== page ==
By Ryan D. Lunceford, Study Director, Particulate Matter Testing, B.S., ASQ
Particulate Matter Testing is required on all pharmaceutical products that come in contact with human blood or tissue. The standard is USP 788 for blood and tissue and USP 789 for contact with the human eye.
Particulate matter refers to small particles found in pharmaceuticals or vaccines injected into the human body. The standards don’t provide frequency of testing or environmental monitoring, but it is good practice to have both to ensure a clean environment during the manufacturing process since if you are high in particulate counts, you’re probably high in other areas.
Manufacturers need to determine their sampling plan so they are regularly sending in samples for particulate matter testing as well as for cytotoxicity and TOC.
Tests are conducted on liquid samples only – no air or solid materials. There are basically two tests, light obscuration, which uses light blockage to determine the size and count of particulate matter in the solution; and microscopic assay, which is a measurement of un-dissolvable particles or substances present in the solution – usually plastics, metals or dust. Ultimately for manufacturers, the objective is to keep these particles out of the product during manufacturing.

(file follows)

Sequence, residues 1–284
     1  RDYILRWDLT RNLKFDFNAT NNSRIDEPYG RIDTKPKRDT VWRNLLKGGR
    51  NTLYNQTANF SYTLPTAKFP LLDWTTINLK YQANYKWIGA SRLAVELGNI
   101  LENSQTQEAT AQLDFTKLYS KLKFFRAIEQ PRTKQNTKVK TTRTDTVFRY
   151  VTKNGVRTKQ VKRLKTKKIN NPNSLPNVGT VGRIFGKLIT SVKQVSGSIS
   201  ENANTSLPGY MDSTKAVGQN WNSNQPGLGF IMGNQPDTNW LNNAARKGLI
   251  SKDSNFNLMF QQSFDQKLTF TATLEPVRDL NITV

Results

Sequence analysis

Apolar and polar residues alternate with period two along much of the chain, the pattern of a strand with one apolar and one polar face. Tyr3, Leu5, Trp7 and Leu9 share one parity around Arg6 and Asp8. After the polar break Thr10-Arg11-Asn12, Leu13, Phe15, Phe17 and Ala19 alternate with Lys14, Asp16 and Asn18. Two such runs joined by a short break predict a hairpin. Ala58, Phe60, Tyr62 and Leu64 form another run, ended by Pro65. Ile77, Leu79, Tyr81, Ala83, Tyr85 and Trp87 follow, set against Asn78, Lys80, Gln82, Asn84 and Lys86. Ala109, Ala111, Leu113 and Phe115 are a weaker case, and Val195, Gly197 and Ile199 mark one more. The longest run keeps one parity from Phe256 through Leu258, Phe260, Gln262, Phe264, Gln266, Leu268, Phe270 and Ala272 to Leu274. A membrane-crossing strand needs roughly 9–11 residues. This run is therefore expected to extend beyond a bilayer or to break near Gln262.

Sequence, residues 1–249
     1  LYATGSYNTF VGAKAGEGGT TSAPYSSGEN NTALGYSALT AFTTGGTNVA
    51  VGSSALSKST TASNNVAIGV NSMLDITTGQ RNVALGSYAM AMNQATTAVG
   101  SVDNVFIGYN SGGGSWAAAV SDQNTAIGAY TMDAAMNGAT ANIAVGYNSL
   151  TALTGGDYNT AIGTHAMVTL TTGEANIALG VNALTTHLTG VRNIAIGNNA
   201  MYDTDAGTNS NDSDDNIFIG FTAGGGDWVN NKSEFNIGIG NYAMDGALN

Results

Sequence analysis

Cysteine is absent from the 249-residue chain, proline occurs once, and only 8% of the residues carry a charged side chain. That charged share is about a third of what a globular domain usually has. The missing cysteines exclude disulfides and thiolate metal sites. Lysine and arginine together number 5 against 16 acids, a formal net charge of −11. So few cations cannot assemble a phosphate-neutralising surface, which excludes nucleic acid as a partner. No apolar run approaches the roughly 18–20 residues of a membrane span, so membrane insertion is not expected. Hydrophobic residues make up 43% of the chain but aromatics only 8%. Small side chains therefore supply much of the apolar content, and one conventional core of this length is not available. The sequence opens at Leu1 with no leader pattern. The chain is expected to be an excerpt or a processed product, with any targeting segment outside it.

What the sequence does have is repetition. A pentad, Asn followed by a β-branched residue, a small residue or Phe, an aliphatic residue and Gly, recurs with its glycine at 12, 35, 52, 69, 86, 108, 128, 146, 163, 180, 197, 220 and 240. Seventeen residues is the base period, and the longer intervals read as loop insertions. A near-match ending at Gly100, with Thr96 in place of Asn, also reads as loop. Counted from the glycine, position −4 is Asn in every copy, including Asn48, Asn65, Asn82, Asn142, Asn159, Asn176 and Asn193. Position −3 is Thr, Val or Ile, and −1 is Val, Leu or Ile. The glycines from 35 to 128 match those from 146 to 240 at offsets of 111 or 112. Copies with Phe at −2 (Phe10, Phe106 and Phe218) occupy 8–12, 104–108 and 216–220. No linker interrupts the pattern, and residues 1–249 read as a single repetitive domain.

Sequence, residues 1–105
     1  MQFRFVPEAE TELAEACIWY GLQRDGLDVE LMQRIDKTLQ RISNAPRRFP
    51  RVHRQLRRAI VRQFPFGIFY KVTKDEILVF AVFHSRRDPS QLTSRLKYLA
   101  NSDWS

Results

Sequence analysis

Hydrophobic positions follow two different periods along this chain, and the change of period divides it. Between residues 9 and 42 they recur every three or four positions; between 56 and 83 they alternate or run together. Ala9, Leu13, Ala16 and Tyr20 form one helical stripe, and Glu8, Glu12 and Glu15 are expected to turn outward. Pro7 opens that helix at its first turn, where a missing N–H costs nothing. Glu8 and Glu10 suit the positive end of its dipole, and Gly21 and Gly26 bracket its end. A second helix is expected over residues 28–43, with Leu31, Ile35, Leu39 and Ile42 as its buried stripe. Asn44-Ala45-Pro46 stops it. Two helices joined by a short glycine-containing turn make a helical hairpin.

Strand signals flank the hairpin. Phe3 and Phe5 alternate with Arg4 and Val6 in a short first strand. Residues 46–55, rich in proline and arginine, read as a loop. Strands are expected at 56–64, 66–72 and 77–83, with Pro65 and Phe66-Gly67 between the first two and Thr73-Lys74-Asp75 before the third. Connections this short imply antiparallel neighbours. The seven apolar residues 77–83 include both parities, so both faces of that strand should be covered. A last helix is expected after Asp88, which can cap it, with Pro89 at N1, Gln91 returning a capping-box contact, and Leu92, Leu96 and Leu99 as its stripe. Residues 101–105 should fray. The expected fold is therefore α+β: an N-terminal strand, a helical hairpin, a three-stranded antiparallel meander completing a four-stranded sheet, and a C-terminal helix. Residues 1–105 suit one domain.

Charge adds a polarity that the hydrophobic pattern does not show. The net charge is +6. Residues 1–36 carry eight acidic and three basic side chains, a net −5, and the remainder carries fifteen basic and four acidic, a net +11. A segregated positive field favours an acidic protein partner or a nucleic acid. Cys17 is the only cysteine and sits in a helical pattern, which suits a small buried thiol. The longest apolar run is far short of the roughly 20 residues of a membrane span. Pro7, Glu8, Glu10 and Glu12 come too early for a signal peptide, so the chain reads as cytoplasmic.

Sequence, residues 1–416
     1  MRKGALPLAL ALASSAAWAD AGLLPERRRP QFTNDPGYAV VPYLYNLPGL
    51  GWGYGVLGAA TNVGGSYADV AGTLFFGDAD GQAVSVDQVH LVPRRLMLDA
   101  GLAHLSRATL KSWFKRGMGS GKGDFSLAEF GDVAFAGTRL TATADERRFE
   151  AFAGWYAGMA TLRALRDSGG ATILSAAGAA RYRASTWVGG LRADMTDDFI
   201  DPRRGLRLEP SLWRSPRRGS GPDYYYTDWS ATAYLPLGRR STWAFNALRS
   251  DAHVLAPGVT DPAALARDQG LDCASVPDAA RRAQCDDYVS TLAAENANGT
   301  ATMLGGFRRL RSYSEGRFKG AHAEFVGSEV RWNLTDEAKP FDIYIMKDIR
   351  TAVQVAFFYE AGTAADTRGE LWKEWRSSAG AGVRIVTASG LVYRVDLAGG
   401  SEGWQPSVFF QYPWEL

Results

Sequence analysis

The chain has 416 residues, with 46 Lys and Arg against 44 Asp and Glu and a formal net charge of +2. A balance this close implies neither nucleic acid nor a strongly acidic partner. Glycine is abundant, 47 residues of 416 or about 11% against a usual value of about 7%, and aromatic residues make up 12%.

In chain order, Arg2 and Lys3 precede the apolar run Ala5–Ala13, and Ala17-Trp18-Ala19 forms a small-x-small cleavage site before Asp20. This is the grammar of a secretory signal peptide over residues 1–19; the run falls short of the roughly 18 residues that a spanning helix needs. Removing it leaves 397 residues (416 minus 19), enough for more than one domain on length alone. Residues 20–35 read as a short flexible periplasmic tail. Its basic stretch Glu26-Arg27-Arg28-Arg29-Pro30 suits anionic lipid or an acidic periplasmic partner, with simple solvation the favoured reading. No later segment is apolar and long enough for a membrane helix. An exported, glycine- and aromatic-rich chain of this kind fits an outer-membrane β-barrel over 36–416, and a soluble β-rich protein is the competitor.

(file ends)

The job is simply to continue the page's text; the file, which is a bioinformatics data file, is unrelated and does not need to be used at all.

Particulate Matter Testing is particularly important for injectable solutions. The test determines whether your manufacturing processes are accurate, sample containers are cleaned properly and whether the manufacturer or sub-contractor are implementing sound process practices.
In many cases if not most cases, a particulate problem is not due to the solution, but the container. The product manufacturer needs to ensure all vendors are providing clean containers to eliminate exposure to particulates.
Nelson Labs suggests conducting Particulate Matter Testing on a quarterly basis.